Discrimination in hiring is always bad. But it may not always be illegal


Eluned Anderson received a job application rejection email. That part is normal. What is not normal is why the hiring manager rejected her. The email contained this explanation:

It was decided that your strong Welsh accent, accompanied by your regional activities, would not suit the office environment.

This is a weird reason to reject someone, and if you are in the US, it can also be an illegal reason to reject someone. It can also be legal, so this is the difference for employers in the United States.

Discrimination against national origin is illegal

In the United States, you cannot discriminate against someone based on where they were born or their citizenship. As long as they are legal to work, you should consider them just like anyone else. (There are some exceptions for jobs with security clearances, but that’s not the general rule.)

So if their accent is because they were born outside the US or English is their second language, you may be breaking the law. Corporate Attorney Josh Joel, Counsel at Stanton Law, explains:

“Refusing to hire someone based on their accent can be dangerous territory. Federal law prohibits making employment decisions based on national origin, and a foreign accent is a clear reflection of national origin.”

In Anderson’s case, they rejected her because her Welsh accent was too strong. In the US (recognizing that Anderson is in the UK and subject to different rules), that could lead to a strong case of discrimination based on national origin.

That doesn’t mean you have to hire someone you don’t understand (as long as you have to speak English for the job – many jobs don’t even require the ability to speak or understand English). Attorney Joel explains:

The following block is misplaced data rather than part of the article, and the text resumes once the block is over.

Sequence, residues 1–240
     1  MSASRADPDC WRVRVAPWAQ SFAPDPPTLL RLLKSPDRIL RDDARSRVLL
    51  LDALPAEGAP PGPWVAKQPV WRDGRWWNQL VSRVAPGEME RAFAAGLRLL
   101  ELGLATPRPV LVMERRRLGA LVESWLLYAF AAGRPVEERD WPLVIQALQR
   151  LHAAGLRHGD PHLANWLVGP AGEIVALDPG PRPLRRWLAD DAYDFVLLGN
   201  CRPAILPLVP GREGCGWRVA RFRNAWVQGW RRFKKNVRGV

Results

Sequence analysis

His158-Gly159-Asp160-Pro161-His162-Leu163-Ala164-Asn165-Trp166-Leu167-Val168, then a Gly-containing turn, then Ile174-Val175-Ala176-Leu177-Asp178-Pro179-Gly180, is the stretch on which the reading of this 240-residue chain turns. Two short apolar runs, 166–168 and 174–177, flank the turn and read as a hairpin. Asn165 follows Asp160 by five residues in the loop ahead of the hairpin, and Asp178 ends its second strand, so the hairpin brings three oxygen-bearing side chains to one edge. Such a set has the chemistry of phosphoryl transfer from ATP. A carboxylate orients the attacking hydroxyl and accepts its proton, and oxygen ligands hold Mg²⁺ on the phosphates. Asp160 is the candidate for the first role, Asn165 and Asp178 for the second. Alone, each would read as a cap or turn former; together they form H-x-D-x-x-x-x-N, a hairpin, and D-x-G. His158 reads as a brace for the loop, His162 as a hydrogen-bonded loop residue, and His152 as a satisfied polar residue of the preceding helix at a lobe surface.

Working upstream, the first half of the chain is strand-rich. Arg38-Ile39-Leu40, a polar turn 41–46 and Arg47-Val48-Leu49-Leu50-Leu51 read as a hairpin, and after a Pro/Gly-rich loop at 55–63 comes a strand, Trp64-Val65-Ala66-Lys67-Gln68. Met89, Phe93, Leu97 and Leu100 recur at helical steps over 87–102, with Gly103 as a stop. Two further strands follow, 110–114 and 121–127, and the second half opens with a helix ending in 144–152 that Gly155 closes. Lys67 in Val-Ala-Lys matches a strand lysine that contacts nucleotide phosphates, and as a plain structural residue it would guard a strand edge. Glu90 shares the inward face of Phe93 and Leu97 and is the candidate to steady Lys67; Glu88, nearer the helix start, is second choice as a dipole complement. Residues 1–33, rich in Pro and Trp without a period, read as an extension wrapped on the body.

The only exception is if the candidate’s accent is so difficult to understand that it interferes with them effectively performing the core functions of the job. Examples where this may apply to certain telephone functions, such as telemarketers. But I highly recommend that you talk to an employment lawyer before turning down a job offer because of an employee’s accent.

Regional accents are a different story.

What if you don’t want to hire someone who sounds like a New Yorker, a Southerner, or a Philadelphian? Labor attorney and partner at Wickens Herzer Panza and native Philadelphian Jon Hyman says:

While I would like to think that “Philly” is a protected class and that I can drink my glass of wooder without fear of discrimination, unfortunately that is not the case.

Oddly enough, you can discriminate against a native Philadelphian because of their accent, but not against a native Brazilian. Regional accents have no protection.

Of course, as long as you can understand someone, their accent shouldn’t make any difference.

Keep in mind, though, that accents are only part of why people speak the way they do. Hyman adds, “But a ‘black’ accent or ‘gay’ effect… different story.” If you discriminate against someone because they sound like a protected class, you are doing it illegally.

Your best bet? Don’t judge people by their accents, but by their ability to do the job. It prevents you from breaking the law, mistreating people and creating a more diverse workforce.

The opinions expressed here by Inc.com columnists are their own, not Inc.com’s.

This post Discrimination in hiring is always bad. But it may not always be illegal was original published at “https://www.inc.com/suzanne-lucas/discrimination-in-hiring-is-always-bad-but-it-might-not-always-be-illegal.html”


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